2019 election

Mayor Ginther describing the city's One Linden Plan during an interview with Tracy Townsend of WBNS-TV at the Columbus Metropolitan Club.
Nick Evans / WOSU

Columbus officials are asking voters to sign off on $50 million in new borrowing for affordable housing. But voters will have to decide before a specific spending plan is in place.

John Minchillo / Associated Press

Tuesday was the first day of early voting for the May primary, which means Monday was the last day to register to vote. Even though turnout in off-year primaries is especially low, some people may find they've been eliminated from the voter rolls.

John Minchillo / Associated Press

Off-year elections don't often get a lot of attention from voters. Even less notice is paid to primary elections in an off-year. But Ohio voters will decide on many significant issues on May 7, in addition to selecting the candidates that will campaign through November.

John Minchillo / Associated Press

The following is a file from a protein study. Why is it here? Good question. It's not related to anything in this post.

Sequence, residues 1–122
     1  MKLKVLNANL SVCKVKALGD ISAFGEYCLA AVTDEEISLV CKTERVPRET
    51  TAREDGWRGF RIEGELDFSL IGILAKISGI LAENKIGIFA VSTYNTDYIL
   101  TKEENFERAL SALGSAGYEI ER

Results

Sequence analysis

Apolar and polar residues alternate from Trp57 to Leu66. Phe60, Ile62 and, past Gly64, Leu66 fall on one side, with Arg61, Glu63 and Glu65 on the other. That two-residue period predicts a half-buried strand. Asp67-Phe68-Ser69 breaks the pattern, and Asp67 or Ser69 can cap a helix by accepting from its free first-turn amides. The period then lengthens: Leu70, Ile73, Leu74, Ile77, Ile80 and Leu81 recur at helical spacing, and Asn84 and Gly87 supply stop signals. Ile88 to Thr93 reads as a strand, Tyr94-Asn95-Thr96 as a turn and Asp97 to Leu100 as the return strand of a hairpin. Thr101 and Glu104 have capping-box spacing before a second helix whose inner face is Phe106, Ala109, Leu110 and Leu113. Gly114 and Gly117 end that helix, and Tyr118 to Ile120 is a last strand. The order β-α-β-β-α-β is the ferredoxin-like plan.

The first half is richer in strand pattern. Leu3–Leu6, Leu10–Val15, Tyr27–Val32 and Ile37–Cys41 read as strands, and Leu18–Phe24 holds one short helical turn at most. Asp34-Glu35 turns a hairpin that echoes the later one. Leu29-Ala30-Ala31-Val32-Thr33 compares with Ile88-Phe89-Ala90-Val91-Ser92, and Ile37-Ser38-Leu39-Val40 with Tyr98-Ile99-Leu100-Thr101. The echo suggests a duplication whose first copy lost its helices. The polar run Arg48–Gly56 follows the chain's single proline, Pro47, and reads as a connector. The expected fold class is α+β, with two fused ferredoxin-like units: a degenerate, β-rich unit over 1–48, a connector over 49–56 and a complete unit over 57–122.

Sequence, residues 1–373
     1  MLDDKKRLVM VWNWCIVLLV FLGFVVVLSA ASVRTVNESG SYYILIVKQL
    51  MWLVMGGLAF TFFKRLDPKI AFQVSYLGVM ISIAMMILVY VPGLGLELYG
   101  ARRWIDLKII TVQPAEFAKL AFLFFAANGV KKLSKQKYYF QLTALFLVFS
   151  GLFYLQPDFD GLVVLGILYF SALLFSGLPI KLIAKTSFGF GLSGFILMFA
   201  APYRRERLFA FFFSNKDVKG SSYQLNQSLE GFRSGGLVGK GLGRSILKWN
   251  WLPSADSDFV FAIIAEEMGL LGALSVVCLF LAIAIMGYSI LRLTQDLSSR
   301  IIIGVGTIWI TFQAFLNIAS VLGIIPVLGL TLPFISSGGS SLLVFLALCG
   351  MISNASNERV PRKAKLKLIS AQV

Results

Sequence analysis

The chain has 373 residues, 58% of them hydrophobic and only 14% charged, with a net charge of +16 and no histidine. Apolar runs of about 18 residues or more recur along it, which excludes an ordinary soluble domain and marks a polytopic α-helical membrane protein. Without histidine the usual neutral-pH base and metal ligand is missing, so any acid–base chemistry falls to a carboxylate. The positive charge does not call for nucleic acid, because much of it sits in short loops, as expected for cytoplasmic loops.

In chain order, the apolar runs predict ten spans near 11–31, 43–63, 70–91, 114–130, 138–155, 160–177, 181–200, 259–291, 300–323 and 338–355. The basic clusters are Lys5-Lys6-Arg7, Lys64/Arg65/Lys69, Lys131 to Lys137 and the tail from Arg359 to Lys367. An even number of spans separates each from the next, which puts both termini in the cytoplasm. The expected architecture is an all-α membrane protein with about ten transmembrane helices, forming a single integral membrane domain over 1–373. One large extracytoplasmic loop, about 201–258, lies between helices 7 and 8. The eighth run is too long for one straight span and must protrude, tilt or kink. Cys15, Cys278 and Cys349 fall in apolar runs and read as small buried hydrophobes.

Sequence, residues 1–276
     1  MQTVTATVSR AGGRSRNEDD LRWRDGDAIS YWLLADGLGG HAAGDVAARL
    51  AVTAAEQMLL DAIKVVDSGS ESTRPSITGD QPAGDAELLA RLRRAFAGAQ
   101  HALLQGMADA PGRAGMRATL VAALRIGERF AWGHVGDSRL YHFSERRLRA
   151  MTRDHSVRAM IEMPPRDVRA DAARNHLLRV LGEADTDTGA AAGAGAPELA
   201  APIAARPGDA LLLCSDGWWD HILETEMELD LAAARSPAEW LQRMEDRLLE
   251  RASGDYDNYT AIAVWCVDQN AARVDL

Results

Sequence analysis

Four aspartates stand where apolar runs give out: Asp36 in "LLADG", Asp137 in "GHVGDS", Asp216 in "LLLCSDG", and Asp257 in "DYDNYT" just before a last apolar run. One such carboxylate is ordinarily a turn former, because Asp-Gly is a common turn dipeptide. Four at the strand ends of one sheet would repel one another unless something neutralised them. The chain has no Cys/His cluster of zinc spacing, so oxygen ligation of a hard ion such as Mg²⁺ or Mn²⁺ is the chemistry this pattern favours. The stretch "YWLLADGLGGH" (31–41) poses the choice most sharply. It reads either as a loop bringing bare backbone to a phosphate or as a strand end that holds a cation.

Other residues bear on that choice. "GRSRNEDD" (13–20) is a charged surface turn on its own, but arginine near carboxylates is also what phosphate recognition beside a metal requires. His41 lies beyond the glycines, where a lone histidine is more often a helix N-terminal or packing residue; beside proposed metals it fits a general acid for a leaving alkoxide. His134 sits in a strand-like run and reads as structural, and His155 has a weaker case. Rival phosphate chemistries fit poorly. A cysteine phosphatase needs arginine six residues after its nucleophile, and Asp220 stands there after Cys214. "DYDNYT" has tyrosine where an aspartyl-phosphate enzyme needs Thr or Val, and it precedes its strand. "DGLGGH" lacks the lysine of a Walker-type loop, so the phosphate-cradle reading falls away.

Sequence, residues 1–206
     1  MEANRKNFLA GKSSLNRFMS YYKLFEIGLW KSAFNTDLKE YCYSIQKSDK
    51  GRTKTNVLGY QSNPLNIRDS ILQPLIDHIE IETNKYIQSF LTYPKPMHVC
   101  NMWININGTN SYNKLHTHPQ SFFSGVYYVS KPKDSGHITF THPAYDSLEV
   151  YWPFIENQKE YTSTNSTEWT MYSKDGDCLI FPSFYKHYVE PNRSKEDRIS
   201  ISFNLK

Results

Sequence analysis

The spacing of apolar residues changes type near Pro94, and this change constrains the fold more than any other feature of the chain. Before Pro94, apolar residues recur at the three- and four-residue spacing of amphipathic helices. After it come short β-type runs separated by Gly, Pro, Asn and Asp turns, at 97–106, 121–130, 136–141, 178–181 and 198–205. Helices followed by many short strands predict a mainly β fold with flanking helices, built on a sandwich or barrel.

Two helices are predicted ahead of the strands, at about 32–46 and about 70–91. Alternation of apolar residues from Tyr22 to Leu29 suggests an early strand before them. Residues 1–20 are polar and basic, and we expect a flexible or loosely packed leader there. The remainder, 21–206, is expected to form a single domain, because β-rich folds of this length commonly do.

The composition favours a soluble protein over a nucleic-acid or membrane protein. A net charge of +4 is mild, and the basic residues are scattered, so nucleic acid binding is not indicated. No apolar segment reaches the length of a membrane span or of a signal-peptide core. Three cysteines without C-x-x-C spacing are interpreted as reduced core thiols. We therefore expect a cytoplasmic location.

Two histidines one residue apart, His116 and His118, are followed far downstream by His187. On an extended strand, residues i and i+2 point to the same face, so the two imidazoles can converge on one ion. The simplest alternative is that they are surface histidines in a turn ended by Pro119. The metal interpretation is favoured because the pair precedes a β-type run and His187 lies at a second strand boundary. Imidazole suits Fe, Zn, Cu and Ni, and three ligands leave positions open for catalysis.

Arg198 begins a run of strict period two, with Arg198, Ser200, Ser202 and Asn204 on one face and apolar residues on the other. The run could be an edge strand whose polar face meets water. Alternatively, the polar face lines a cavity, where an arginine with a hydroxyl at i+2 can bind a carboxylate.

Technically, Columbus city elections are non-partisan, but both major parties usually put up slates of candidates for mayor and city council. Not so this year: No Republicans are running for a municipal office.

That means Democrats like Mayor Andrew Ginther are virtually assured re-election.

Mayor Andrew Ginther files for re-election at the Franklin County Board of Elections on Feb. 4, 2019.
Paige Pfleger / WOSU

Mayor Andrew Ginther officially filed for re-election on Monday, ahead of the November 2019 mayoral election.

Franklin County is spending $12 million on new voting equipment, with the state of Ohio chipping in $10 million
Adora Namigadde / WOSU

Franklin County voters can choose between touch screen machines and paper ballots for May's election.